An Angel on Aisle 1

God has met me in some very interesting places. I’ve encountered Him at Target, seen Him dressed as Santa Claus, and chatted with Him over a chai latte at Dunkin Donuts. But today, He was waiting for me in the vestibule of Trader Joe’s.

My mom and I had headed to Trader Joe’s for my weekly grocery shopping. Recently, she’s been having some health struggles and we’ve decided it would be helpful for her to start spending the weekends with us. She’d never been to Trader Joe’s and I thought she might enjoy the Mom-and-Pop feel of this particular chain, so after dropping Trey off to his weekly carb-loading Trombone-Euphonium bonding bash at IHOP, we traipsed down the highway a few miles and parked right in front.

As we walked in to the store, Mom became a little confused with all the entering and exiting customers and, as I’ve grown accustomed to doing, I gently placed my hand beneath her elbow and guided her toward the right, helping her steer clear of displays and fully-loaded carts along the way. Suddenly, a woman with a young child in tow walked up to me, smiled, and very clearly said, “Thank you.”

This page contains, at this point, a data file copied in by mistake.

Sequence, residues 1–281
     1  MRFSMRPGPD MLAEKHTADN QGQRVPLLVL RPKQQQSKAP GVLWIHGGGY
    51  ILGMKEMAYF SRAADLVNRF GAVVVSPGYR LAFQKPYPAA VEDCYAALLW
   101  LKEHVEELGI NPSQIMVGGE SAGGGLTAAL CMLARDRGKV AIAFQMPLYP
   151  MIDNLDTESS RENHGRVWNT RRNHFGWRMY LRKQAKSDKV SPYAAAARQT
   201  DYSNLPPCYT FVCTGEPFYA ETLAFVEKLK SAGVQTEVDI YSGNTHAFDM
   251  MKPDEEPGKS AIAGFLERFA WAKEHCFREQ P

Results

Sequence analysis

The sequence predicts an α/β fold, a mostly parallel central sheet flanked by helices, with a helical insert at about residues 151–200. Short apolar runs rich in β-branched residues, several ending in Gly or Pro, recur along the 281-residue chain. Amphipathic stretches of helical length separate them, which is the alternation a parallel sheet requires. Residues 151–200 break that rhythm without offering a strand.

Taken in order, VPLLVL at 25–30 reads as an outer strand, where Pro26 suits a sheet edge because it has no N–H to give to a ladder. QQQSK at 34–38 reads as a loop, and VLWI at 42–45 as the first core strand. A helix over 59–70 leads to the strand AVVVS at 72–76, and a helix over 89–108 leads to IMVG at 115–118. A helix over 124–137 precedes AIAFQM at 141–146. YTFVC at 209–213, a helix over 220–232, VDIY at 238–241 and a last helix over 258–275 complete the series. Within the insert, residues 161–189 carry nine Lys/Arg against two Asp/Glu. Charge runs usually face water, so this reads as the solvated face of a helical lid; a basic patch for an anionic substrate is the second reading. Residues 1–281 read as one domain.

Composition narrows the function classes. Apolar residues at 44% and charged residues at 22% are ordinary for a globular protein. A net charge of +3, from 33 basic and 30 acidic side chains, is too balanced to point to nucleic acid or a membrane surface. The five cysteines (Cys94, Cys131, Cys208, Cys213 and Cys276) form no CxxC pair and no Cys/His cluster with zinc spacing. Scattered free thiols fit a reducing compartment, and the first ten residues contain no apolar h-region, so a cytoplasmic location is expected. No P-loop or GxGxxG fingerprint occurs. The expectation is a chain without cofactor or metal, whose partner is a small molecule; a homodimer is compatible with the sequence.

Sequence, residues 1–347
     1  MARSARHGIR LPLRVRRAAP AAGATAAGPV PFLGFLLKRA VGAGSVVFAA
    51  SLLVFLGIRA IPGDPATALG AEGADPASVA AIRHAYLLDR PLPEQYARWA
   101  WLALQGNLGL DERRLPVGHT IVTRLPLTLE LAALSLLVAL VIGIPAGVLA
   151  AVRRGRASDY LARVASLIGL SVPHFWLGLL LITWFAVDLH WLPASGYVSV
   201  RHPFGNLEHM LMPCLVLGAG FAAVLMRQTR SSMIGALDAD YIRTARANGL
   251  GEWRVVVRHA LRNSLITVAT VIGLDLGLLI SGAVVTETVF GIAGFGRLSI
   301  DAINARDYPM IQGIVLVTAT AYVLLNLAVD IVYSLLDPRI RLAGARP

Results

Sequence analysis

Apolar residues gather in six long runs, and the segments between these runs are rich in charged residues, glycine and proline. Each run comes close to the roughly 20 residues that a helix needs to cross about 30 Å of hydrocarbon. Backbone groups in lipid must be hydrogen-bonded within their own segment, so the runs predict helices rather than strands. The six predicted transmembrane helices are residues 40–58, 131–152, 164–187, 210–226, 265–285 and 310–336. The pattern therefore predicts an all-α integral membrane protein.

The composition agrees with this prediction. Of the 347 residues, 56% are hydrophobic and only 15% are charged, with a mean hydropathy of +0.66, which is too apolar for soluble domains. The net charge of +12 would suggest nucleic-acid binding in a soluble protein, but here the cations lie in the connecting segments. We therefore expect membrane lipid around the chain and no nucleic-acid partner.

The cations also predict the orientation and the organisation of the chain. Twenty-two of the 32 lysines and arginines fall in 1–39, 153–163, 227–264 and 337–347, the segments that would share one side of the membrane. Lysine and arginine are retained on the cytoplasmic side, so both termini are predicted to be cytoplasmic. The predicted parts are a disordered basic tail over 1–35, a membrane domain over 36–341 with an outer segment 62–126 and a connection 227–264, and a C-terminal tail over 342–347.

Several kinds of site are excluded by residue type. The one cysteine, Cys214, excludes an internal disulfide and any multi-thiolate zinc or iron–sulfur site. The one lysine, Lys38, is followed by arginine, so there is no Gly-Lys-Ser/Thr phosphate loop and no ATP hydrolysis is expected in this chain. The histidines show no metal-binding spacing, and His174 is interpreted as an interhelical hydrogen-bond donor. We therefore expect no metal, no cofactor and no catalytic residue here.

And then she hugged me.

As she turned to walk away, she looked directly at me and said, “Me, too. I’m there, too. I know. And thank you.”

I quickly brushed away the tears and started gushing over the beautiful flowers and pumpkins lining the produce section. But my heart was pounding and my mind was reeling from the abrupt – but deeply affirming – encounter.

Thank you.

And although I’m tempted to brush her words aside because this is just something you do, this is the way family treats each other, this is how you care for an aging parent, I know that this time perhaps I shouldn’t. This time, I should acknowledge and accept her encouragement, tuck it away in that Blue Monday space in my psyche, for that moment when I need to know that what I’m doing matters. That the decisions I make on a moment-by-moment basis are right. That the sacrifices of my time, energy and resources are worth it.

Wandering through the produce section, my mother asked me, “Did you know that woman?”

Though I’d never seen her face before – and probably never will again – I’m pretty sure I know exactly Who that was.

 

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